The warm saltwater swallowed my feet as I walked along the sand waiting for the sun to make its appearance. I hadn’t made it very far down the beach when I noticed an Old Man standing near the surf kicking a crumpled plastic water bottle out to sea.
As I approached, he shuffled away, his back hunched and rigid. He could barely get around. I bent down, picked up the plastic bottle and tossed it back onto the beach where it had a chance of being raked up by one of the hotel grounds staff. I walked on, not thinking much of it.
Twenty minutes later, on my return to the hotel, the waves washed over a distinct pile of litter, that included the same crumpled bottle, another yellowed one, two roses and a broken sandal.
I glanced around and saw the same Old Man standing about fifty yards away, near the sea wall, facing it as if he were taking a leak. But he wasn’t. Over his shoulder, he watched me approach the collection of last night’s reveling, yet he kept his back to me as if he wasn’t. He’d taken it upon himself to “clean up the beach.”
I thought of the floating trash islands swirling out at sea that I’d read about on the Internet. I gathered up the litter and made my way to a nearby trash can picking up a blue plastic bottle cap long the way. I dumped the refuse in the can. Why was it so difficult, I thought, for people to do the “right” thing.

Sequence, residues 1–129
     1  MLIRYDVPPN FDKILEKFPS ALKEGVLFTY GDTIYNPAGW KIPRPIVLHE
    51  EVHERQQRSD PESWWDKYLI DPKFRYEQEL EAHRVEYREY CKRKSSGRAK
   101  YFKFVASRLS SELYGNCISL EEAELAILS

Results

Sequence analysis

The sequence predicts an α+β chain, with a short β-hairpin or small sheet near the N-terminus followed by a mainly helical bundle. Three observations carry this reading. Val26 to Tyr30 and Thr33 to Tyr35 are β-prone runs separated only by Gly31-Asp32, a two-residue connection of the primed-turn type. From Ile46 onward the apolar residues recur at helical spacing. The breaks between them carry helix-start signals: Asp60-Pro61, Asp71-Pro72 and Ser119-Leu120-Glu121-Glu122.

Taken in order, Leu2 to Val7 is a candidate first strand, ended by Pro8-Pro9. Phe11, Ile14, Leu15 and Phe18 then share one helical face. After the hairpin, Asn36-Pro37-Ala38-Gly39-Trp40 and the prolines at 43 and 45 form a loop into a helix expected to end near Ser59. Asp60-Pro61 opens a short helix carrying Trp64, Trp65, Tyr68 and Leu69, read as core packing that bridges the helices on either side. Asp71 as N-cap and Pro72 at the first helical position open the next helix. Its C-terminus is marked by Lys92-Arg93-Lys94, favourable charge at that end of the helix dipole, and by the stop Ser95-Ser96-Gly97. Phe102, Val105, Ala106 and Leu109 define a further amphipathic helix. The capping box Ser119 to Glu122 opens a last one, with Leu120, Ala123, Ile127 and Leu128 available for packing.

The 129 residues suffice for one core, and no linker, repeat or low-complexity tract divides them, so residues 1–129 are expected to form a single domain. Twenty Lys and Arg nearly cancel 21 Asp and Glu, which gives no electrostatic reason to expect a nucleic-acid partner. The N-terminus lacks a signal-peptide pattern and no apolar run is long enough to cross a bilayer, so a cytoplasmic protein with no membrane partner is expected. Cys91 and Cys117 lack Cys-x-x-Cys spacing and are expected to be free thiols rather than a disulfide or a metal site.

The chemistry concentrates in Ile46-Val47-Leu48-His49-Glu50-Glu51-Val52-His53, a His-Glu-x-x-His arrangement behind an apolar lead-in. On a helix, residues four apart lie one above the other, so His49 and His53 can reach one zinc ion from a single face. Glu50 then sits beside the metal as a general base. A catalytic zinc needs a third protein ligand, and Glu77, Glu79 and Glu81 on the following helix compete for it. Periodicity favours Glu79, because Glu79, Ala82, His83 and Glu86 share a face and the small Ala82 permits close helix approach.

The Old Man continued to watch me to see what I would do next. Then, I felt kind of bad for him. He had a different way of looking at the issue than I did. He was trying to keep the beach clean, and so was I. We each had our own way of dealing with things.
The next day, I saw him again, doing the same thing and it made me think a lot about right and wrong. I know that he probably thought his way was best – out of sight, out of mind. But so did I; I just thought mine was better. We all think we’re doing the right thing, or we probably wouldn’t be doing it, but when it comes to the environment, I wonder if we think enough.
What we give and receive from our World is a magical occurrence, one that still blows my mind. Even if we don’t know it, we all have a relationship with our place and how we care for that relationship defines our actions, for better, or for worse. I suppose he’ll keep doing things his way and so will I, but which one of us is right?
Who really knows? Maybe the items from the trash can end up out at sea anyway. I don’t have any idea how they handle the trash from the beaches and hotels in Cancun. Maybe the Old Man knew more than I did. Maybe neither one of us has the answer. I passed him on my walk as he stood near the shoreline. Not knowing what else to do, I smiled at him and said good morning. He didn’t respond, but I didn’t really expect him to. The smile was more for me and how I wanted to feel about him.